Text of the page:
|04-26-2013 11:06 AM|
Both 6 and 12 point are great to have, and you'll get by just fine with some snap ons.
If the PO stripped bolts, you can drill and tap, weld a nut, or try to man handle it out.
|04-26-2013 10:56 AM|
Regardless of how good your tools are or how great of a mechanic you are, if your Jeep had a previous owner it shouldn't be shocking to come upon a badly stripped/rounded bolt.
Personally I like having both 6 and 12 point sockets; when you have to deal with very rounded/torn up bolts I've found that having both can be handy. Sometimes one or the other is able to get a better grip. I've used some of the bolt extractors with good luck as well, although I've had just as many times where they didn't work.
The best thing I ever bought for dealing with this kind of stuff is a welder. It's much easier to just weld a nut onto the top of the rounded bolt and easily turn it out. Plus the heat helps loosen up the bolt.
|04-26-2013 10:24 AM|
This is not tj tech.
If you're stripping anything you're not doing it right.
|04-25-2013 10:33 PM|
I have a fairly new set of Craftsman sockets here at home (99% of my tools at work are Snap-On) that say Made in USA on them. They aren't the same quality of Craftsman tools of yore. The 1/4" drive ratchet I got at the same time was junk from the get-go. I have a bunch of Craftsman tools from the mid 80's, and they're OK. I tried Craftsman ratchets at work about 15 years ago, and they're OK for occasional use, but they do not stand up to 5 day a week, 8-10 hour day use. They last about two months max.
Whoops, didn't intend to start a tool brand debate..
|04-25-2013 10:11 PM|
|JakeBreen||Usually I try to use the most american made tools that I can. Although, I carry a Kobalt wrench and ratchet set in my TJ, and I honestly prefer Kobalt over Snap-on, and even Craftsman. Craftsman is now a China based company.|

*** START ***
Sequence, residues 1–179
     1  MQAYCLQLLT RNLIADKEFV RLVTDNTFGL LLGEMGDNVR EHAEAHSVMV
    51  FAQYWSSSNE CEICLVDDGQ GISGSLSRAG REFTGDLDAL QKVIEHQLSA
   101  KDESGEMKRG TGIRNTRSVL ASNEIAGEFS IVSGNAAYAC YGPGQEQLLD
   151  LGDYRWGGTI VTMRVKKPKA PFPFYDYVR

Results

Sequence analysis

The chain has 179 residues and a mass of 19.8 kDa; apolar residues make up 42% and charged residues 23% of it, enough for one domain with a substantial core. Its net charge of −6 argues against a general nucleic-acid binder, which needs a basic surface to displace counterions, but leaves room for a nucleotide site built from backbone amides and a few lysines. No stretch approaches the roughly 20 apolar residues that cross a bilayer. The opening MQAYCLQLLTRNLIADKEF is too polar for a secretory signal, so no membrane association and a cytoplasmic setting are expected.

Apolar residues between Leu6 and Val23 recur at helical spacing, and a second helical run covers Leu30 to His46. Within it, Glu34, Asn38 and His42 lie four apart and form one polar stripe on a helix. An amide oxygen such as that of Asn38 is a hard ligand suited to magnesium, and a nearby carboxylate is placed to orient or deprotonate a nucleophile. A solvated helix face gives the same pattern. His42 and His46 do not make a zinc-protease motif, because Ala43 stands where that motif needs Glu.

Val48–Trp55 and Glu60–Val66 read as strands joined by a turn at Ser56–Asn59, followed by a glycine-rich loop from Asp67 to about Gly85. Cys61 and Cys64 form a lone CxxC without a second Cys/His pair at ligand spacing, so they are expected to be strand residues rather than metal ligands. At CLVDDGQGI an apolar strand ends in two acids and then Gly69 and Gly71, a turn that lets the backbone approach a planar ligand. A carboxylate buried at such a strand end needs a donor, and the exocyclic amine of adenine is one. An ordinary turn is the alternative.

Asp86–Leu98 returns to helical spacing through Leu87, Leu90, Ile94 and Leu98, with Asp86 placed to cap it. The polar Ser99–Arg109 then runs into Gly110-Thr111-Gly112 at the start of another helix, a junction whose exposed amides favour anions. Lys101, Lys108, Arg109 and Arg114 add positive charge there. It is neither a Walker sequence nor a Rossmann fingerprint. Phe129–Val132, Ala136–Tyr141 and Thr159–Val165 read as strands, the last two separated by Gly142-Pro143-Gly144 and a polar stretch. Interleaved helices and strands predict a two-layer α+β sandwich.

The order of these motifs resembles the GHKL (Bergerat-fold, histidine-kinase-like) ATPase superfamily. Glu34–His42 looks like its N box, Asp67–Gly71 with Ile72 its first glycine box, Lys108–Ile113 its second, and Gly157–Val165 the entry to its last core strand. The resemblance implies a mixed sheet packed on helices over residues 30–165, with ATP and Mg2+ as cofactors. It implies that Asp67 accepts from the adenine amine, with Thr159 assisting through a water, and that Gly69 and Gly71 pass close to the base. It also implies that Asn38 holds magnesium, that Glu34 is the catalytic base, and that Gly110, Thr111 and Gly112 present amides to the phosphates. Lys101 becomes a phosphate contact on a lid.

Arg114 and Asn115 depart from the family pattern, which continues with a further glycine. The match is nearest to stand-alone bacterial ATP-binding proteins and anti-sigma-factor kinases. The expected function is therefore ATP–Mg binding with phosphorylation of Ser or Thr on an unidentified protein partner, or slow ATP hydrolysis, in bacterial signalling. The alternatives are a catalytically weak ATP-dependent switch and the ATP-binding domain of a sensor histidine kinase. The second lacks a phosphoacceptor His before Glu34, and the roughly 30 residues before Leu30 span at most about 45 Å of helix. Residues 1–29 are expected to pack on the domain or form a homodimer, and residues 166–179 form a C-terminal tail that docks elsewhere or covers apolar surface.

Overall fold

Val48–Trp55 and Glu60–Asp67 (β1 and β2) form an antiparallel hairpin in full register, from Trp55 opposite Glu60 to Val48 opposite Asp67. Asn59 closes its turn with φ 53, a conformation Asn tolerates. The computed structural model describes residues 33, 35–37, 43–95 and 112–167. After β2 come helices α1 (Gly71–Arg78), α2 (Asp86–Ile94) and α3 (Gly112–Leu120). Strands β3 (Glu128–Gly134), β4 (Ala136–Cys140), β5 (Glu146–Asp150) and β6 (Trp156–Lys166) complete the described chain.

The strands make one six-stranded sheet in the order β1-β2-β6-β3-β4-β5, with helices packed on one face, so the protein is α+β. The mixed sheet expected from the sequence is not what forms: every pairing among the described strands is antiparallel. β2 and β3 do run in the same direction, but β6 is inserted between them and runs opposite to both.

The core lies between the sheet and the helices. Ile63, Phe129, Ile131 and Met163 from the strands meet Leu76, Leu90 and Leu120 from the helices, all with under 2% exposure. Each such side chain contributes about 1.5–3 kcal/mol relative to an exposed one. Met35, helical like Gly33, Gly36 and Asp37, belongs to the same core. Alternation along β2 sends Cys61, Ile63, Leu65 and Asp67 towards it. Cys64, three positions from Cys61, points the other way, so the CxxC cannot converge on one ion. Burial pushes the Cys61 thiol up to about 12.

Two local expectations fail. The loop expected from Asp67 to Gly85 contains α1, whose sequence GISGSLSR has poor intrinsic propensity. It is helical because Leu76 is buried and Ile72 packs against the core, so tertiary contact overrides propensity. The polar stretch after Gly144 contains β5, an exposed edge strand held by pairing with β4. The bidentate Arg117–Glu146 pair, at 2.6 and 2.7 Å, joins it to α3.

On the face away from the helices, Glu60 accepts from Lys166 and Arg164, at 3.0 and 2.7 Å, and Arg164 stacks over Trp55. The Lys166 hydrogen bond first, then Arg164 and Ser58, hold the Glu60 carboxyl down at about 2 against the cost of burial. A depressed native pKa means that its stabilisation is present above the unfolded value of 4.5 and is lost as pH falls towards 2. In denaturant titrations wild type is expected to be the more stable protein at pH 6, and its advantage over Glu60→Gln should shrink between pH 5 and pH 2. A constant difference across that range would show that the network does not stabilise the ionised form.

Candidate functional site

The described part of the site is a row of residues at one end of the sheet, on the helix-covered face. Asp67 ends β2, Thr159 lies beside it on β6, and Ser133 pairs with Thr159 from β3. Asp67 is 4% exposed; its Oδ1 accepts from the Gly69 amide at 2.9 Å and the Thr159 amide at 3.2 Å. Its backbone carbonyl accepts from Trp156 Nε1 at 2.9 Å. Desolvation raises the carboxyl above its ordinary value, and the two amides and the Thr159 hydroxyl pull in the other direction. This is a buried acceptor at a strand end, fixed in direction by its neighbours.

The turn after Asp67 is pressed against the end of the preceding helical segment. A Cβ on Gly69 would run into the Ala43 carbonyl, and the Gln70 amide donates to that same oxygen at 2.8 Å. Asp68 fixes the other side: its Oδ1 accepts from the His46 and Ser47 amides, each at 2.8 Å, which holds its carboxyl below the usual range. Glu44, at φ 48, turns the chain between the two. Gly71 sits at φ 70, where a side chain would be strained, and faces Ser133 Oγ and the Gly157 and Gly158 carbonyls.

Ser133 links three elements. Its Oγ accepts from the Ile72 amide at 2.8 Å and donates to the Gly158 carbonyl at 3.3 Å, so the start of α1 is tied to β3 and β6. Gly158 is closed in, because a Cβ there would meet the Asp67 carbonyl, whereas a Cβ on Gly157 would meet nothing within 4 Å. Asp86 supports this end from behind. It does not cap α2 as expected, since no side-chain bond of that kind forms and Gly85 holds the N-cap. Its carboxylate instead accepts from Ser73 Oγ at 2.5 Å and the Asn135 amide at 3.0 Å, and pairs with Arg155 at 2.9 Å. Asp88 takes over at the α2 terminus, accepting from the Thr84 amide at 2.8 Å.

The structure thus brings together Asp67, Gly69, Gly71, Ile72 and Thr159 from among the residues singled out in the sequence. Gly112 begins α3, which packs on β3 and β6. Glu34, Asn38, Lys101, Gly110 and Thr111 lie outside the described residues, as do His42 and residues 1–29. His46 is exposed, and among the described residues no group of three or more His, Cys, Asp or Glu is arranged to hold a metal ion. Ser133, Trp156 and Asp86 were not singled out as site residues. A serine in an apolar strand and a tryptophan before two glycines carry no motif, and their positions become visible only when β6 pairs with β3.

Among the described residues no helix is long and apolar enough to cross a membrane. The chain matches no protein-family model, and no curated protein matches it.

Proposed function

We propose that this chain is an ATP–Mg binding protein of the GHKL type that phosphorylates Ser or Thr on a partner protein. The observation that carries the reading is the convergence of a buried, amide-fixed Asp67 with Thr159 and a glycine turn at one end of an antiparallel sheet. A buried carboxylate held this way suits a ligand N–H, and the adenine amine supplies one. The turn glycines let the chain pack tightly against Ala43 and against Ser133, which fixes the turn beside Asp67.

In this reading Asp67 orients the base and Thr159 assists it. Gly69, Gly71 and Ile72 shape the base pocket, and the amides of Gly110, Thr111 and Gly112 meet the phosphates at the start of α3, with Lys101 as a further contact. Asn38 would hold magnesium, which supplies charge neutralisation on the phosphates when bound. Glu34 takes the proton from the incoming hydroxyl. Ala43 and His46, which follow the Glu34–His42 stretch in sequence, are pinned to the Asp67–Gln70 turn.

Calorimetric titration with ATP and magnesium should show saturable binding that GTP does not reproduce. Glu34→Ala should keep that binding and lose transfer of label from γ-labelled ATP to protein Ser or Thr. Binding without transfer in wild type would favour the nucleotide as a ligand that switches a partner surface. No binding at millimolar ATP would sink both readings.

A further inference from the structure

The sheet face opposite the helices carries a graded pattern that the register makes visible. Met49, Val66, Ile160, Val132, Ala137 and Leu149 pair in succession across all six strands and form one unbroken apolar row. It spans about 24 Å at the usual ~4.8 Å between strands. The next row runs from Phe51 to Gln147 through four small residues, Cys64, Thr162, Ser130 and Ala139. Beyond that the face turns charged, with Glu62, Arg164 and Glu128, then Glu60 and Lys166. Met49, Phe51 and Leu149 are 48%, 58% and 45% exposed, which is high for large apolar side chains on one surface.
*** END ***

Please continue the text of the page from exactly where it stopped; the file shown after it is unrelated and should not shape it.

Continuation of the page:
|04-25-2013 10:08 PM|
|BONDS415||thanks for input fellas saved me some $ thats btter spent elsewhere|
|04-25-2013 09:19 PM|
|UnlimitedLJ04||i've got one someplace....i've used it so infrequently i don't really care if it's lost...|
|04-25-2013 09:09 PM|
|04-25-2013 08:26 PM|
I highly recommend a set of flex ratchet wrenches for more confined areas. I did a 4.0 engine swap and used these where the sockets couldn't reach. Couldn't have done it without them. Most of the time they're faster than sockets.
Like these: Titan Flex Ratcheting Wrenches — 12-Pc. Metric Set, Model# 17367 | Flex Ratcheting Wrench Sets| Northern Tool + Equipment
|04-25-2013 08:19 PM|
|Jerry Bransford||Don't waste your time/$$$ with junk technology sockets like those. Get yourself a good quality set of 6-point sockets & you won't have to worry about rounded off bolt heads or nuts. For the $$$ and for the average weekend wrencher, it's hard to beat Craftsman 6 point sockets.|
|04-25-2013 08:15 PM|
Nope. Last time I used one to try to remove a bolt I broke the little pins that make up the socket. If the head on your bolt is already stripped, I imagine you will do the same when you put any kind of torque on it.
If you were working on a bunch of new nuts/bolts of different sizes I bet the gator grip sockets would help speed things up. But any time you have to put some real force into it, forget it!
|04-25-2013 07:43 PM|
|Patrick H||No. Use good quality sockets and you won't have rounded bolt heads to begin with..|
|04-25-2013 07:40 PM|
|DocterWrangler||I've used them before and they are not the best. Although they work ok for stripped heads if they aren't too tight. You can't use them to to break a bolt loose. But they work in a pinch.|
|04-25-2013 06:40 PM|
Gator Grip Sockets yes or no?
after dealing with several stripped and rounded off bolts in my tj been looking to get a one of gator grip sockets
havent heard much about em hoping to get some input before i invest $9 into one of their sockets